On January 30, 2006, after Nagy failed to file proof of service, the district court dismissed the action sua sponte.   The order of dismissal did not indicate whether the action was dismissed with or without prejudice.   On February 8, 2006, the Clerk entered judgment, and on March 6, 2006, Nagy filed a timely notice of appeal.

II.

 We review for abuse of discretion a district court's dismissal of an action for failure to timely serve the defendant.  Thompson v. Maldonado, 309 F.3d 107, 110 (2d Cir.2002).   The district court necessarily abuses its discretion when its decision rests on an error of law.   See Zervos v. Verizon New York, 252 F.3d 163, 168-69 (2d Cir.2001) (noting that an “error of law” constitutes an “abuse of discretion”).

Nagy argues that the district court erred in dismissing this action because plaintiffs proceeding in forma pauperis are “automatically” entitled to service of the summons and complaint by the Marshals.

 We disagree.  Federal Rule of Civil Procedure 4 provides in pertinent part that “[a]t the request of the plaintiff ․ the court may direct that service be effected by a United States marshal․ Such an appointment must be made when the plaintiff is authorized to proceed in forma pauperis.”   Fed.R.Civ.P. 4(c)(2).   Absent a request from the plaintiff, nothing in the text of Rule 4 requires the district court to appoint the Marshals to effect service after granting pauperis status to the plaintiff.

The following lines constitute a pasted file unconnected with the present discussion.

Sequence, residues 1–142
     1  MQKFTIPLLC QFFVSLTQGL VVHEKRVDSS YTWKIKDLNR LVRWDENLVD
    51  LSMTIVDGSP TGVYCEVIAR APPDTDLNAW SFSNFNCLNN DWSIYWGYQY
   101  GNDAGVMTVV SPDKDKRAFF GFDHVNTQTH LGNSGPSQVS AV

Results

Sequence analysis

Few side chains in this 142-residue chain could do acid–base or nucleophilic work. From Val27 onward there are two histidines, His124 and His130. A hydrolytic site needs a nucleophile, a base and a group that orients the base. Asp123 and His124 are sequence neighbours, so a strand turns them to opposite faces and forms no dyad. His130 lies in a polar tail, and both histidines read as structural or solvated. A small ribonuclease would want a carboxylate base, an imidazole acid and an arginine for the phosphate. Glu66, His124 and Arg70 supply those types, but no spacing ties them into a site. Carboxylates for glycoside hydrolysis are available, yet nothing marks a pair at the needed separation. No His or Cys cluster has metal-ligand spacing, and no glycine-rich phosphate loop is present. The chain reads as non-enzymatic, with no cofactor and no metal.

Moreover, the interests of judicial economy counsel against the district court automatically ordering service by the Marshals.   In civil actions involving prisoners, such as this case, automatic service would undermine much of the benefit derived from the district court's statutory obligation to review and dismiss with prejudice frivolous complaints “as soon as practicable after docketing.”  28 U.S.C. § 1915A(a)-(b)(1);  see Abbas v. Dixon, 480 F.3d 636, 639-40 (2d Cir.2007) (discussing section 1915A review). Further, automatic service by the Marshals would prove impractical where a plaintiff fails to provide sufficient information to identify or locate a defendant.   See Moore v. Jackson, 123 F.3d 1082, 1085-86 (8th Cir.1997) (identifying the necessity of plaintiffs' providing sufficient information to the Marshals).